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    As you’ve probably noticed, some of your favorite sites are offline today, as a protest and means of raising consciousness about the Internet-crippling dangers of the SOPA bill currently kicking around the US Congress. While most people are fine with the stated purpose of “stopping piracy,” the bill is poorly-written and is much too vague and broad in its industry-friendly terms, and would allow major media companies to very widely apply copyright law to cripple the operation of websites such as Wikipedia, YouTube, Reddit, and countless others. Including this one.

    Should SOPA go into effect, Blizzard’s lawyers could effective end the operations of any fansite, should they wish to. The posting of all Blizzard’s copyrighted images, all fan art (HolyKnight has put together a big list of useful links on his Deviant Art page.), all fan wallpapers, fan fiction, and so on, could be ruled as copyright infringements, and under the draconian anti-fair use provisions of the law, website operators would be required to remove all such material, as well as constantly scanning gallery uploads, video uploads, user blogs, forum comments, and more, to make sure no one tried to post any such material. Worst of all, sites that were deemed repeat offenders could be entirely blocked for anyone in the US, which would greatly inconvenience the surfing of US users, as well as bankrupt most of those sites, due to the loss of the largest user block.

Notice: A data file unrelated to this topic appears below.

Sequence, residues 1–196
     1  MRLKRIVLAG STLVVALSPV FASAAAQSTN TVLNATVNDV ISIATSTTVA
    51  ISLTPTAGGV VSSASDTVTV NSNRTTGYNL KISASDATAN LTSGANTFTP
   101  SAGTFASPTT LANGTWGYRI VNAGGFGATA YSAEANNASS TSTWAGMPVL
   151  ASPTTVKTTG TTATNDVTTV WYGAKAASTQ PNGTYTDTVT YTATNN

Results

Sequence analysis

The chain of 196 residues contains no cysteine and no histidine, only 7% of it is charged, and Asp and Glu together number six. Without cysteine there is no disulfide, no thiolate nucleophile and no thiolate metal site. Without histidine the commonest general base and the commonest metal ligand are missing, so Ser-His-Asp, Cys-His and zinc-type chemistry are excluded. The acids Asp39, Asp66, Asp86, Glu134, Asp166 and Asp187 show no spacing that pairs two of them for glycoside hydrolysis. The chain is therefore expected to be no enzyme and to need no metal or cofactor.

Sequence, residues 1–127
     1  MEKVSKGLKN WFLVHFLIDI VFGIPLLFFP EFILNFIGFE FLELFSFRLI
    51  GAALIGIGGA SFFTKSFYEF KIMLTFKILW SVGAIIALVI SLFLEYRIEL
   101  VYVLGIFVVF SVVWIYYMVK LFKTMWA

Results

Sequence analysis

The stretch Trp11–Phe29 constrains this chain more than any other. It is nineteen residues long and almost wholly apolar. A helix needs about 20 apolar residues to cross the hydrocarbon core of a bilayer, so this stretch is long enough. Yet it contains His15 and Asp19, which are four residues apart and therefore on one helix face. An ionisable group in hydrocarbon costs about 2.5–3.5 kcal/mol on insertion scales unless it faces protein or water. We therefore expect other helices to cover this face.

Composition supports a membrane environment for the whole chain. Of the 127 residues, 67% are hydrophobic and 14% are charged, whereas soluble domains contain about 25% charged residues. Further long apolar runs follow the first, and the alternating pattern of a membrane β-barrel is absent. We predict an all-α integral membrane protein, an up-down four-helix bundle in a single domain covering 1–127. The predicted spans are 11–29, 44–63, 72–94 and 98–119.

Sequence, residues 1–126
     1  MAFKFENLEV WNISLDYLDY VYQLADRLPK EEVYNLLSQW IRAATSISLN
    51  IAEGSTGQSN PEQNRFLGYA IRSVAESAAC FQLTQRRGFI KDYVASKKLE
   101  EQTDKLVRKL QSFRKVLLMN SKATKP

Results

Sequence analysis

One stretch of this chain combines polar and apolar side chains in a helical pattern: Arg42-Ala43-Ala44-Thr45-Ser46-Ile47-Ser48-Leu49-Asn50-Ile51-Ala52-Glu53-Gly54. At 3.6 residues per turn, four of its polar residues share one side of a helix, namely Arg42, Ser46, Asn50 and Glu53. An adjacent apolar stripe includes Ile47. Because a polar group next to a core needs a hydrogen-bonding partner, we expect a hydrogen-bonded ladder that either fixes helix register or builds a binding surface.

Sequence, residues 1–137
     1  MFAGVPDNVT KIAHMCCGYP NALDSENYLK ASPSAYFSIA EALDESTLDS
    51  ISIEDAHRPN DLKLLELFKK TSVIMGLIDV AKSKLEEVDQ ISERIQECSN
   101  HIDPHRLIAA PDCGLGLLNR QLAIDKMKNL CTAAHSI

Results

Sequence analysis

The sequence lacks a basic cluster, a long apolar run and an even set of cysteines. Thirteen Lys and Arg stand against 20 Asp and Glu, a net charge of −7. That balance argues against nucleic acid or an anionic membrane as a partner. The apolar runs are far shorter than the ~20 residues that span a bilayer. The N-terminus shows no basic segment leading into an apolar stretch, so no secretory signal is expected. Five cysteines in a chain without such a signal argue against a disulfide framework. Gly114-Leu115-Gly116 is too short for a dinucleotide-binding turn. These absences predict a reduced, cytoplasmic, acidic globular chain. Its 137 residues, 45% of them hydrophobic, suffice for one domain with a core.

Much more info can be found in the excellent FAQ on Wikipedia. A short quote:

    SOPA and PIPA represent two bills in the United States House of Representatives and the United States Senate respectively. SOPA is short for the “Stop Online Piracy Act,” and PIPA is an acronym for the “Protect IP Act.” (“IP” stands for “intellectual property.”) In short, these bills are efforts to stop copyright infringement committed by foreign web sites, but, in our opinion, they do so in a way that actually infringes free expression while harming the Internet. Detailed information about these bills can be found in the Stop Online Piracy Act and PROTECT IP Act articles on Wikipedia, which are available during the blackout. GovTrack lets you follow both bills through the legislative process: SOPA on this page, and PIPA on this one. The Electronic Frontier Foundation, a non-profit organization dedicated to advocating for the public interest in the digital realm, has summarized why these bills are simply unacceptable in a world that values an open, secure, and free Internet.

    Like all most multinational media conglomerates, Activision/Blizzard have helped to fund {they did not, though many others such as EA did), though Blizzard PR would appreciate if you didn’t bring that up. (Besides that Bashiok remark, numerous threads on SOPA have been locked or deleted on Battle.net).

    Refer to the Wikipedia FAQ for the best ways to get involved and help stop this Internet censorship from becoming a reality.


    Update: Another fan tried to start discussion on what SOPA might mean for Diablo III, and got shut down by Bashiok. If you’d like uncensored discussion on this, check the comments to this post, or hit up this forum thread.

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